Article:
Socorro native helps in hurricane relief efforts

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Kenner Army Health Clinic's Jerry Silva answered the call when the American Red Cross asked for volunteers to assist the storm-ravaged Northeast.

Silva was born and raised in Socorro, son of Nicanor and Edith Silva, both deceased, and now lives in Hopewell, Va., where he works at Kenner Army Health Clinic.

An office assistant in information management for the military treatment facility, Silva said he went back to Virginia after helping in the wake of Hurricane Sandy, knowing he gave it his all after spending more than three weeks helping relief efforts in the Bronx Borough, N.Y.

Silva departed Virginia on Nov. 3 for the New York City area to help with recovery and cleanup efforts following Hurricane Sandy.

Silva said he slept on a cot in a school gym at Lehman College with other volunteers in the same conditions many New Yorkers found themselves.

"Showers were hard to come by," he said. "And so was sleep."

Silva was assigned to the mass care portion of the recovery. He said he awoke many mornings as early as 4 a.m. to prepare shelters for families and prepare food.

Working with displaced people who had been homeless, were in assisted living facilities, had special needs and others, Silva was also able to help connect people with their families. He worked primarily with Hispanic families as he was able to translate information for them and understand their needs.

"There were 15 to 17 families who needed assistance as far as translation," Silva said. "Every day I would go out and see what everyone in the families needed. I helped them with the location of family members."

Families were separated to different shelter locations, Silva said. A truck would show up to pick people up and those who could get into it would be taken to one place. Those who couldn't — who needed wheelchairs or other help to get around — were taken to another location.

"Every morning I would go find them the Spanish language newspapers," Silva said. "One man even called me his nieto — grandson. I feel, personally, I was able to assist in lifting their spirits."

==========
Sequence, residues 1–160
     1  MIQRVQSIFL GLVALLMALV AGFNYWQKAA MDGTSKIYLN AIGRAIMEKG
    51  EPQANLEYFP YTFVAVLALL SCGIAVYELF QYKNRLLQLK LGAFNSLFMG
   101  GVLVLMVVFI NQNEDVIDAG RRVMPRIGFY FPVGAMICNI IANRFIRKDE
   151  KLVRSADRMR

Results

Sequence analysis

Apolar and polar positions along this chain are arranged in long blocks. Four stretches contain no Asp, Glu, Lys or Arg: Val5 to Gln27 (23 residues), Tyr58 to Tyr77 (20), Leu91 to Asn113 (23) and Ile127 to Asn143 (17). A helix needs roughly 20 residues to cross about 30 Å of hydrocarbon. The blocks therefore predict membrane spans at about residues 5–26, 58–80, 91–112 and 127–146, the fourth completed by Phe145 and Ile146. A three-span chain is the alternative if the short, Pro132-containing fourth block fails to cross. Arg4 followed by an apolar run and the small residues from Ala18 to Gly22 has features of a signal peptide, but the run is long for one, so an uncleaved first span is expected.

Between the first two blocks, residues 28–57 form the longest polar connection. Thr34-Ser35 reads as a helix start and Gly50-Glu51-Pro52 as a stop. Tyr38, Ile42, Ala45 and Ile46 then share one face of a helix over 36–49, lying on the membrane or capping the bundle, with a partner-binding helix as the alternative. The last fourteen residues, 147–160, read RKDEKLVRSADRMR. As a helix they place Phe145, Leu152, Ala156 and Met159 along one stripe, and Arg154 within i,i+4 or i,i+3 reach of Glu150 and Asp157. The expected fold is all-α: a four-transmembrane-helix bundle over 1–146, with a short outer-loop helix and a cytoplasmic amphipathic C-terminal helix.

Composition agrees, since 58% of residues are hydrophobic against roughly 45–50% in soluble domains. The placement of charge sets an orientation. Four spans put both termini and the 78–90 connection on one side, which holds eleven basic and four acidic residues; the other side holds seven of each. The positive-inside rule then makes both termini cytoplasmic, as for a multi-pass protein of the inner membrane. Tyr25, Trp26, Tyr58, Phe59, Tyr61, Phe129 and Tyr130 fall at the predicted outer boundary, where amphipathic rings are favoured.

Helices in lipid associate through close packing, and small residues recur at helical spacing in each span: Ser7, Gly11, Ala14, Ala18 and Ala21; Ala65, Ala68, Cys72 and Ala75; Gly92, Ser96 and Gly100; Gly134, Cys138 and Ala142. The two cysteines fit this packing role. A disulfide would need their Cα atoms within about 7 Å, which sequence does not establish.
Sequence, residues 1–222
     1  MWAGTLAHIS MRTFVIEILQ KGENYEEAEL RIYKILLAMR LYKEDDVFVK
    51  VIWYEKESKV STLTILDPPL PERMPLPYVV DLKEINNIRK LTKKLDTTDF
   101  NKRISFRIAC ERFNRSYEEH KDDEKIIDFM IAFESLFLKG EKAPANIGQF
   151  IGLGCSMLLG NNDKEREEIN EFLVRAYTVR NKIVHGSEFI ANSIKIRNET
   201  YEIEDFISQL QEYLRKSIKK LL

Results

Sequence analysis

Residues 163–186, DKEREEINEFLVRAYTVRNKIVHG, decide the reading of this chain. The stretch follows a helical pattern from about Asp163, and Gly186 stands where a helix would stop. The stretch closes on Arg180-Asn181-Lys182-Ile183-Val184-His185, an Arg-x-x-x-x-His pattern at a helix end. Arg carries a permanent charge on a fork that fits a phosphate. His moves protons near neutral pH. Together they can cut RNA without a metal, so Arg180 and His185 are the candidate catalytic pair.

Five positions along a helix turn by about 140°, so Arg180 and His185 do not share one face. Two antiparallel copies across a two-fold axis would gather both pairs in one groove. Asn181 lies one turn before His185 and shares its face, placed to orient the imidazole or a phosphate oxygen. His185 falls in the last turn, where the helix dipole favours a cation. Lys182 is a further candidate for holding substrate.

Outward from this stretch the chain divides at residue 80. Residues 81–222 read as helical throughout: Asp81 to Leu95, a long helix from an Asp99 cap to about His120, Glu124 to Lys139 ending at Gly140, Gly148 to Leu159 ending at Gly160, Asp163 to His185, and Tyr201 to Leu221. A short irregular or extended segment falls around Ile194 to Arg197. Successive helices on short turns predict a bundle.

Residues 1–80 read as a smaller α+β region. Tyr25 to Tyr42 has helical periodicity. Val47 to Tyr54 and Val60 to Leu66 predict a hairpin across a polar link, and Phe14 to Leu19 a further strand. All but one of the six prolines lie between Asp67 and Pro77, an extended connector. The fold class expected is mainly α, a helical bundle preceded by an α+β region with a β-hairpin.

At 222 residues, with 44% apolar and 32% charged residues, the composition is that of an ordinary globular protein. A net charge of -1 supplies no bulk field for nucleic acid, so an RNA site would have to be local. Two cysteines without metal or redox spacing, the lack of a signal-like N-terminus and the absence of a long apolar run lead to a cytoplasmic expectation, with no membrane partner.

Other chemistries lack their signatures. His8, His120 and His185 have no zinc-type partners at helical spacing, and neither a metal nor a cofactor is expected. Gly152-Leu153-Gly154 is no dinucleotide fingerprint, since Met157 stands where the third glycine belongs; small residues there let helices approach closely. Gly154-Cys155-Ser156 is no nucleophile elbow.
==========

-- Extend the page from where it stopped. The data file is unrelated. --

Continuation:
Many of the people at the shelter were brought in because of the cold weather, he said. They had no electricity.

"The hardest part for me was to try to keep their spirits up," he said. "It's the way we were raised in Socorro — to care for family, friends and neighbors."

Silva loves to be able to help others.

"Volunteering is my passion," he said. "Anything from Red Cross events to helping our military via the USO or feeding the less fortunate with food drives and our annual Thanksgiving Day meal … is the Silva-thing to do."

Silva said the Bronx community made him feel welcome and went out of their way to thank him for his efforts.

"The storm survivors have been devastated, yet they continue to thank us for our support," he said. "Their spirit is amazing."

Silva has been a Red Cross volunteer since 2000 and is certified to drive the emergency response vehicles. He said he put those skills to good use while deployed.

"This storm devastated portions of the Caribbean, the mid-Atlantic and the northeastern U.S. and eastern Canada," he said. "Because Sandy was so destructive, it's likely the name will be retired, and there will never be another hurricane named Sandy. On the other hand, I am ready and willing to serve whenever the call comes."

Robin Engel, with the Red Cross, called Silva a compassionate, hardworking peacemaker.

"To the many people he has touched during this disaster, co-workers and the people in need, he is simply an 'angel,'" Engel said.

Tereasa Wade, Kenner Army Health Clinic public affairs officer, contributed to this report.

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